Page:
Content warning: animal death, blood
What’s it about? After falling off a bridge, recently-orphaned Mitsuha wakes up in a strange place and realizes she’s developed the ability to jump back and forth between worlds. Thinking about what her deceased older brother would do in the situation, Mitsuha plans to use this “cheat code” to earn money and ensure herself a comfortable life both on Earth and in the fantasy realm.
Since yesterday’s female-led fantasy adventure was such an absolute minefield, I’m pleased to announce that this one is more straightforwardly stupid.
To be fair to Saving 80,000 Gold, it’s not like there’s nothing to like here. It has, as we say in Australia, a red hot go at executing its ideas. But mostly it falls flat and suffers from the inability to pick a consistent tone, making it a bit of a baffling watch—as well as one with some unsettling ethical implications.
For example, we actually get some tension and conflict as this episode explores how, well, being sucked into a completely different world might be difficult! As well as the multi-day hike she has to take before she finds people, Mitsuha has to deal with a language barrier, unfamiliar food, and medieval toilet technology. I’m not saying any of this was entertaining to watch, but it shows more narrative effort than the isekai where everything is immediately easy for the protagonist.
There’s also not a massive infodump at the start, and we’re trusted to infer—through scattered flashbacks—the tragedy Mitsuha has been through, trying to focus on university entrance exams while still grieving the loss of her family. It’s honestly a compelling setup… or it would be, if the tone didn’t keep springing back and forth between somber and silly.
There are some moments that are downright jarring. For instance, there are jokes about how Collette, a little girl from the fantasy world, has supernaturally strong hugs that almost break Mitsuha’s spine! Very slapstick and exaggerated, yes? Imagine how odd this gag feels coming just moments after an extremely realistic, grounded, not-at-all goofy or exaggerated scene of violence in which Mitsuha kills a wolf with a kitchen knife, and comes away splattered with blood. No cool fantasy fighting here, just bloody butchering in the name of survival. And then, twang, with the force of a snapping rubber band we’re back to goofiness and chibis.
Mitsuha’s dead parents notwithstanding, the promo material makes this show look quite lighthearted, so this sudden gory realism took me completely by surprise and completely out of the experience. It made it a little difficult to concentrate when Mitsuha was learning the worldbuilding rules for her situation from a floating sentient Lucky Cat figurine who introduces itself as an enlightened being. What are we doing here, show? Can we pick just one of these vibes, or at least balance them a bit more smoothly?
One of the biggest sources of this tonal whiplash is Mitsuha’s older brother… or at least, the imagined specter of her older brother who pops up to give her advice. I want to put my hand over my tender heart and say “oh, isn’t it nice that this series explores the connection, love, and grief between siblings as its central relationship?” but unfortunately, at this stage, if I see a cutely-designed anime teenager characterized as loving her otaku older brother sirens start blaring in my brain.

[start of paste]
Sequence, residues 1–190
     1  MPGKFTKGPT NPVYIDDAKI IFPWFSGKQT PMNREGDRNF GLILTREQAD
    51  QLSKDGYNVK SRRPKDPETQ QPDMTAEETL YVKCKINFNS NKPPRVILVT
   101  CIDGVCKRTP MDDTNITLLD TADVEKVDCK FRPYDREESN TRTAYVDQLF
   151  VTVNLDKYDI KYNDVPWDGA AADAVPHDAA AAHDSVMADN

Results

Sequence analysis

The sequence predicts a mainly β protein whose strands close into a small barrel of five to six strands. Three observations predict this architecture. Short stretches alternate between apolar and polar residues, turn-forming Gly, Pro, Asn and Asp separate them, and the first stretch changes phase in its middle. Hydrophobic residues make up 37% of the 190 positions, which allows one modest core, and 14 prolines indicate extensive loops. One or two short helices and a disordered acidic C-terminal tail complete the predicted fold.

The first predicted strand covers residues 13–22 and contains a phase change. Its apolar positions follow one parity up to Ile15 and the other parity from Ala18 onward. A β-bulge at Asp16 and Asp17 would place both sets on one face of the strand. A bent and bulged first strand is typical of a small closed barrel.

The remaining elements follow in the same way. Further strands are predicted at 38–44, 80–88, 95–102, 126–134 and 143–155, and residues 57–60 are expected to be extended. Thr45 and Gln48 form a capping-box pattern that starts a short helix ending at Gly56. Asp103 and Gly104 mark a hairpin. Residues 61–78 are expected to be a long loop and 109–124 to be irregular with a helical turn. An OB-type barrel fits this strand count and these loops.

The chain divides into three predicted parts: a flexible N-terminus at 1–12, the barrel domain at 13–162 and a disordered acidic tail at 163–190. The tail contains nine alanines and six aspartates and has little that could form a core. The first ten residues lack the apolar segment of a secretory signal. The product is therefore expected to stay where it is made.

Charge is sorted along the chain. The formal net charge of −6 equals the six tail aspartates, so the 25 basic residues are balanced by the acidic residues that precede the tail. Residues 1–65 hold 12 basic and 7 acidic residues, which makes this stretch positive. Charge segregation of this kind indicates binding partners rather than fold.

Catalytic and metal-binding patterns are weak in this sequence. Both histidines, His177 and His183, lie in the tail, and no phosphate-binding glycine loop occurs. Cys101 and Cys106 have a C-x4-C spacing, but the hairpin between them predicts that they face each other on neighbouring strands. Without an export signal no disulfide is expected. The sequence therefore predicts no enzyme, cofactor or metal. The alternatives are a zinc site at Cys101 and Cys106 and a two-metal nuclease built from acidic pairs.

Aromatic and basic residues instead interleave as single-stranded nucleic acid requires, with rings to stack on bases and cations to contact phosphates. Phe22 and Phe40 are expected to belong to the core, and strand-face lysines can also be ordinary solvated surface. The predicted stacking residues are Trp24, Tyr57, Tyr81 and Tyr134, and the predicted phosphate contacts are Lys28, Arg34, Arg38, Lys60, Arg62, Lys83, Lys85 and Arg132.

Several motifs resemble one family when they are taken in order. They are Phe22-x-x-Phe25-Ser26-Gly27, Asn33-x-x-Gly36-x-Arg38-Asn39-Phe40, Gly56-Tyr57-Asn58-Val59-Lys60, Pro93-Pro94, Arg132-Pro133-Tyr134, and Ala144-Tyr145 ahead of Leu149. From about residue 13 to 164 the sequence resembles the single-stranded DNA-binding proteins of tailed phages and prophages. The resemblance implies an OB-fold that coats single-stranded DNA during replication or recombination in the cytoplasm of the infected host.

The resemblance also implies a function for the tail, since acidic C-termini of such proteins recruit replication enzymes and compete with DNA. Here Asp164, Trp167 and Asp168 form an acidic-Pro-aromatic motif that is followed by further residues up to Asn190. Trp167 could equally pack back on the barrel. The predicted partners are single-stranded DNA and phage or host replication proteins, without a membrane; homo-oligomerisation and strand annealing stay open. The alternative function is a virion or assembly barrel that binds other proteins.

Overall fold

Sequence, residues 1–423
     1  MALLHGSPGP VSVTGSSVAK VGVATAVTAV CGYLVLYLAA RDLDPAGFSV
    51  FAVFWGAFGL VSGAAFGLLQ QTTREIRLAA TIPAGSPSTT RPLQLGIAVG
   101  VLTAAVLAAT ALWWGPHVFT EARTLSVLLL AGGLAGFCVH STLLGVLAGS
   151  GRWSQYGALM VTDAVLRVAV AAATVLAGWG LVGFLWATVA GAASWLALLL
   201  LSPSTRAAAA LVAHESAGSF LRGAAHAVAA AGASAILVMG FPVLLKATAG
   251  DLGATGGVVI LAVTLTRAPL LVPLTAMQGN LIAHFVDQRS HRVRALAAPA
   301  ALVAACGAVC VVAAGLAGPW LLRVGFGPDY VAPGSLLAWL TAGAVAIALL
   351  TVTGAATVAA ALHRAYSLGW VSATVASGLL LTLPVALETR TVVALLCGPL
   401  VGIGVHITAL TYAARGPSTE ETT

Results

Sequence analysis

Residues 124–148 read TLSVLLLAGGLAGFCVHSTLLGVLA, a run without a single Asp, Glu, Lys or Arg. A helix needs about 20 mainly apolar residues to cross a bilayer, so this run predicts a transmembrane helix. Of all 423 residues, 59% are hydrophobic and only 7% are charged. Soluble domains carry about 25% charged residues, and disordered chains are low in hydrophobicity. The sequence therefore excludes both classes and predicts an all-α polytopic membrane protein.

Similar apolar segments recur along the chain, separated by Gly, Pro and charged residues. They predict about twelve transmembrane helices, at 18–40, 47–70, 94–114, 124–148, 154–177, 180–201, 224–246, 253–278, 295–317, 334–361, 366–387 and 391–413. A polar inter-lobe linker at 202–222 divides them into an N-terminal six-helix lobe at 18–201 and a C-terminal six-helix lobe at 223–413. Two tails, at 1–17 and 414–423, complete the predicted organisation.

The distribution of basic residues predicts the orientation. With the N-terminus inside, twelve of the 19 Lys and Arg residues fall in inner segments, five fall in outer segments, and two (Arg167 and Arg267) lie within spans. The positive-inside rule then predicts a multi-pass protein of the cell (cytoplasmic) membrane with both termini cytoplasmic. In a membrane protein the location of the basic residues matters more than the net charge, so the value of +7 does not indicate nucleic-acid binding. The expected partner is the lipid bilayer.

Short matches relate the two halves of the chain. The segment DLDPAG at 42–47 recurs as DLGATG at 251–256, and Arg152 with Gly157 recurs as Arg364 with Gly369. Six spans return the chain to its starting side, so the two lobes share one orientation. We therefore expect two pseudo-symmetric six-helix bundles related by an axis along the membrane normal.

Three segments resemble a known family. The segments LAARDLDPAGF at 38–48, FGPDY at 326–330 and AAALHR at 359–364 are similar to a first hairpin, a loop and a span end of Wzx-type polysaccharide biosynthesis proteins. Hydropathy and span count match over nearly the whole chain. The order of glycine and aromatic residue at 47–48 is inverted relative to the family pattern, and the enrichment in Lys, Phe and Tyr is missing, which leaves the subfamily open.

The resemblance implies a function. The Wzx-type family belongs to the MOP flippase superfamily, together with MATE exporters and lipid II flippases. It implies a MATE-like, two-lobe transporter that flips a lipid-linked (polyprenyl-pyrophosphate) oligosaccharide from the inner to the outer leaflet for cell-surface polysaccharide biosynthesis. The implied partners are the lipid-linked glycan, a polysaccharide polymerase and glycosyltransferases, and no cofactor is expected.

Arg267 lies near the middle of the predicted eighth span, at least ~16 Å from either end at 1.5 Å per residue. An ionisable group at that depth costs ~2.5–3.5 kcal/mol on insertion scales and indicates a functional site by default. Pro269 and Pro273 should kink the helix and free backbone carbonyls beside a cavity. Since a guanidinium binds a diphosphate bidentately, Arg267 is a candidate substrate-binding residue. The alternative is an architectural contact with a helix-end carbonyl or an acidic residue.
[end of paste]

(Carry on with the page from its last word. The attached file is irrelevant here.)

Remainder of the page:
Big Brother Dearest is also very annoying. I can’t quite tell if he’s meant to be an over-the-top caricature of a nerd or if he’s sincerely meant to represent the target audience for the show. I don’t know. I’m certainly not impressed that—at least for the moment—he seems to be the source of most of Mitsuha’s useful ideas. Yes, he’s a supportive voice in her head rather than a literal ghost, but it’s still a bit of a letdown that our protagonist seemingly gets most of her inspiration from an offscreen male character. I imagine, and hope, that this will taper off once the confusion and survival situation of the premiere is passed, but I can’t say for sure.
I also can’t say that I have too much confidence in the plan going forward. Mitsuha declares aloud that this world is primitive and that she’ll make bucketloads of cash bringing inventions from modern-day Earth to the fantasy world to sell to its gormless peasants. Intentional or otherwise, the colonial spirit of this endeavor—in which an enlightened traveller improves the sorry lives of the locals by bringing them “proper” technology—screams off the screen. I’m also unsettled by the weird prominence of guns in the opening credits.
Mitsuha, are you going to bring modern warfare to this peaceful generic fantasy world, and make money doing it? Mitsuha, can you think about the ethical implications of that, please? For a second? Or at least, can the people writing your character and animating your credits make all this look less fun and cool?
This one’s a mess: oddly-paced and unengaging, with jarring moments of violence and realism peppered in among more lighthearted escapism, an irritating nerd man cliché inserted willy-nilly into the story where his sister is meant to be the protagonist, and some discomfiting overtones to the premise itself. If you’re really hungry for a portal fantasy with a female lead, you might find something fun here, but even then you’ve got other options this season.